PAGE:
Mae Sai: Twelve boys and their football coach trapped in a flooded Thai cave will have to squeeze through an extremely narrow tunnel in pitch blackness — the main “crisis” point that looms near the end of their treacherous escape bid.
Authorities have highlighted the tiny passageway near T-Junction, or Sam Yak in Thai, as the most dangerous element of the journey for the “Wild Boars” team that began Sunday morning, but there are many other potential pitfalls.
The rescue effort is likely to take two to three days to complete, Major General Chalongchai Chaiyakorn, an army commander, told reporters, adding it “depends on other factors like the weather”.
Here are some of the challenges that the boys and their coach will face leaving the cave they ventured into on June 23, becoming trapped more than four kilometres (2.4 miles) from the entrance because of monsoon rains.
The boys, aged from 11 and 16, have no diving experience and some can not even swim. They have received training in recent days in preparation for the extraction effort, but they will have to swim using scuba gear through fast-flowing water in darkness, a challenge for even elite divers.
The difficulty of the journey was underscored when a former Thai Navy Seal diver died on Friday after running out of oxygen in the cave.
Thirteen “world class” foreign divers and Thai Navy Seals are involved in the rescue effort. Two divers will escort each of the boys and the coach, aged 25.
The sliver of space is 1.9 kilometres (1.2 miles) from the shelf where the boys have been sheltering above the waters. After energy-sapping efforts navigating jagged tunnels and clambering up or down rock walls for this distance, they will confront Sam Yak.
“The biggest crisis spot for diving is on the left from the T-Junction,” said Narongsak Osottanakorn, the rescue mission chief, in a briefing on July 2.
“There is a tunnel that has a passageway going up and coming down narrowly and you have to turn a bit and it’s very small.”
After that though, the tunnels widen, the waters subside, and walking is even possible, according to authorities, with the rest of the journey expected to be relatively safe as they will have reached a forward operating base inside the cave.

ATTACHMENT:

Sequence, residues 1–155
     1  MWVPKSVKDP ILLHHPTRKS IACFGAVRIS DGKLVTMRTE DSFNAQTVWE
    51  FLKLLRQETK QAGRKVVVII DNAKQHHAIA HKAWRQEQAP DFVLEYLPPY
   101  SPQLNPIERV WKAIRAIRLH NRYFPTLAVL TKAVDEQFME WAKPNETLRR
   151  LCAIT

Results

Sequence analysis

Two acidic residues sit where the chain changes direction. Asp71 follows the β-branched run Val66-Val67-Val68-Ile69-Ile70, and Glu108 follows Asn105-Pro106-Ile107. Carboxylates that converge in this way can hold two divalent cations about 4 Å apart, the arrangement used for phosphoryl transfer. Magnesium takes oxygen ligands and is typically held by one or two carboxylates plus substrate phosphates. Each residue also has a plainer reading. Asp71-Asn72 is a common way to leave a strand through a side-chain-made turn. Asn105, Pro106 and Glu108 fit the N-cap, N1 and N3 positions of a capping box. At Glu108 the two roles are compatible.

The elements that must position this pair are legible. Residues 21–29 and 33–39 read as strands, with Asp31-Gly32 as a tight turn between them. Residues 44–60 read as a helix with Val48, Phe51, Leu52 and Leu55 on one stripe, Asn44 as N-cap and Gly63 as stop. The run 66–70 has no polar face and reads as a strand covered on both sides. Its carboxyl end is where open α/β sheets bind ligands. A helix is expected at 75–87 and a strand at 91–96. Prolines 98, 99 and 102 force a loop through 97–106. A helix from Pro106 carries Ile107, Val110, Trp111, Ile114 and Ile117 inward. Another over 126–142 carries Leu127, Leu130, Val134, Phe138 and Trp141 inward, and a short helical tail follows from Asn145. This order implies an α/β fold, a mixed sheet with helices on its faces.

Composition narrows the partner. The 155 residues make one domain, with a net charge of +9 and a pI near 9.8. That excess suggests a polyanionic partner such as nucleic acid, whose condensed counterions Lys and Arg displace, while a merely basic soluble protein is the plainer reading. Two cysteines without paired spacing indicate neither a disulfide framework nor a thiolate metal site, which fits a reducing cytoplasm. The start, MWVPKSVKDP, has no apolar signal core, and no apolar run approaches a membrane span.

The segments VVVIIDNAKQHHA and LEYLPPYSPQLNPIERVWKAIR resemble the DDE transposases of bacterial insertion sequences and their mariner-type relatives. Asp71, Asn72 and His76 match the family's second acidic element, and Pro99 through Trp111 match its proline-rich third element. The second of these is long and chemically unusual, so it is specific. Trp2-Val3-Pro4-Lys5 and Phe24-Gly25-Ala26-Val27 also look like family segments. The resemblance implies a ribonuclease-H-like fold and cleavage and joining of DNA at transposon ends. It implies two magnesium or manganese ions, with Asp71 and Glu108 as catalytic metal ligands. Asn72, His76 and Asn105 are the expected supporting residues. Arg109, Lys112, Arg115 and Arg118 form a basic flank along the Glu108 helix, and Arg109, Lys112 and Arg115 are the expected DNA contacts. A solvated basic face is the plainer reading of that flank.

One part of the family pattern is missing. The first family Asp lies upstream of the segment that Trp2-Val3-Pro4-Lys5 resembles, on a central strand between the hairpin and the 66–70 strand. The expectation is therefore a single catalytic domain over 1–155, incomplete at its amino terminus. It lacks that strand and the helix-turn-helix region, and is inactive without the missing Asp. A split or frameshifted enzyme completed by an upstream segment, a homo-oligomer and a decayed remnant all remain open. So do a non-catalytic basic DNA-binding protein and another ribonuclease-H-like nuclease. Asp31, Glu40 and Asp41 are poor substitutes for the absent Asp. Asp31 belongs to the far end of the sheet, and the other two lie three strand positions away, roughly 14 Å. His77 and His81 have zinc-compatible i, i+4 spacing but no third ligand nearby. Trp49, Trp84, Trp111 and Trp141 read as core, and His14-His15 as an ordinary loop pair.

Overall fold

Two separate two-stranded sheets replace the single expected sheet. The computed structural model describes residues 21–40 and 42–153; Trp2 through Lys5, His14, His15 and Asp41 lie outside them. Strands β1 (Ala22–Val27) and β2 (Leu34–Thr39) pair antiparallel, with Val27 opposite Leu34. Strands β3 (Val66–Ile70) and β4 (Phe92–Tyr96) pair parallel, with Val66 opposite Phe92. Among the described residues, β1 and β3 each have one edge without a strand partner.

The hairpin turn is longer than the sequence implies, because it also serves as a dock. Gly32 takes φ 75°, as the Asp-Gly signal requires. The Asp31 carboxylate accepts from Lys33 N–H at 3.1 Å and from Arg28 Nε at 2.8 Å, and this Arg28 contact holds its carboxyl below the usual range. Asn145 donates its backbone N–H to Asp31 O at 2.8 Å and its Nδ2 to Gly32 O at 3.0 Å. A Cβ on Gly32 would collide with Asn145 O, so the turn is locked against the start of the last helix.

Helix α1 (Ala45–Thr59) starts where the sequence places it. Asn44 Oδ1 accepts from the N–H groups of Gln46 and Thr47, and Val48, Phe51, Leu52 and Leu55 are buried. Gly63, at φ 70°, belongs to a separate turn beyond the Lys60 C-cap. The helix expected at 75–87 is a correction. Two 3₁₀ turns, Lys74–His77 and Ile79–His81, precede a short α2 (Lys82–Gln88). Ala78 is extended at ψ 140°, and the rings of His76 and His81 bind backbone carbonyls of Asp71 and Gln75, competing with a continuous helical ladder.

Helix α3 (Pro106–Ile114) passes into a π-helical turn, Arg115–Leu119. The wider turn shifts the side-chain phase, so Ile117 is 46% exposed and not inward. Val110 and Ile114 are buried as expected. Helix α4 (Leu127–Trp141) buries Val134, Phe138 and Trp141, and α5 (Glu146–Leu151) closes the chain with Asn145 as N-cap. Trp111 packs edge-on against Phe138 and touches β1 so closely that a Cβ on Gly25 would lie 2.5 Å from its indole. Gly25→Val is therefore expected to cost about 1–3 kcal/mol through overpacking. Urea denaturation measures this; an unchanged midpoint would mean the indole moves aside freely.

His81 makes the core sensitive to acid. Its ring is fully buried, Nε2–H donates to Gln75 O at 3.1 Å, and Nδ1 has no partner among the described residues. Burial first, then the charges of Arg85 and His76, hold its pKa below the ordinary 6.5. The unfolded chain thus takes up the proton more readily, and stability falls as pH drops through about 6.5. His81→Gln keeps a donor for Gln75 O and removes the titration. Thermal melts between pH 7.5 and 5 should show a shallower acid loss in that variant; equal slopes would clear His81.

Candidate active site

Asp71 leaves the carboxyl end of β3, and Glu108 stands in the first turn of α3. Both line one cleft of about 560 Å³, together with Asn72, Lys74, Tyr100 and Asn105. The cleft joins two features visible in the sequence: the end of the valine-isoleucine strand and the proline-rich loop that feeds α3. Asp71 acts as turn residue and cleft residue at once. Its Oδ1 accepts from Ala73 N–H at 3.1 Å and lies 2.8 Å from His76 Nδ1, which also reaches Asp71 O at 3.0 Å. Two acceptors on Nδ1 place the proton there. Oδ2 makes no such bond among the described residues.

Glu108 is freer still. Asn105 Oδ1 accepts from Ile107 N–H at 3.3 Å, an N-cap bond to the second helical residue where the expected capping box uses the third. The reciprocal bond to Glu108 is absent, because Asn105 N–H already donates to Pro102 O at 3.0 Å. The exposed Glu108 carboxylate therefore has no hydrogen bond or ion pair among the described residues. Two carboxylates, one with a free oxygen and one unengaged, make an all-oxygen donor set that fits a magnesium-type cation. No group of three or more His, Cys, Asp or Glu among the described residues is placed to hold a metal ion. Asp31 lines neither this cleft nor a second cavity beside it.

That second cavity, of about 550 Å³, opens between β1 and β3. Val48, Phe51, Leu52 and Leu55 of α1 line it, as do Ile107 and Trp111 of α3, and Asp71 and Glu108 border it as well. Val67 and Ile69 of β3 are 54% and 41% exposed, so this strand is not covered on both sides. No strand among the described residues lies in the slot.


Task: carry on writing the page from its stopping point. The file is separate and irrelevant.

The journey will be a long one. The rescue mission chief, Narongsak Osottanakorn, told reporters on Sunday that the first boy was not expected to emerge until 9 pm (1400 GMT) on Sunday. This tallies with previous estimates from officials that it would take the divers five hours to reach the ledge where the team is trapped, and six hours for the journey out.
The boys were found dishevelled and weak nine days after they ventured in. Although they have been receiving food and medicine since then, their lack of strength could be a crucial factor in determining their fate.
The water in the cave is muddy and unclear, with one diver comparing it to a cafe latte. The labyrinth has no outside light. The boys will be helped through the darkness by guiding rope, torches and the escorts.
Nevertheless, the poor visibility is one of the factors raising concerns about the boys — already traumatised after spending so long in the cave and having to swim underwater — potentially panicking.
“The mental side of this has to be one of the top considerations,” Andrew Watson, an experienced rescuer of mineworkers, previously told AFP.
“Just one individual panicking can cause a problem,” he said.
The operation was launched after several days of relatively mild weather, as more than 100 million litres of water were pumped out of the cave.
Kobchai Boonyaorana, deputy director-general of the Disaster Prevention and Mitigation Department of the Interior Ministry, told reporters Sunday that the water level in the cave had continued to recede, and that rainfall was less than expected.
But weather forecasters warned heavy rain was on its way, which could flood the area completely. They said there was a 60-per cent chance of moderate to heavy rain on Sunday afternoon, and that heavier rain would continue from Monday to Thursday.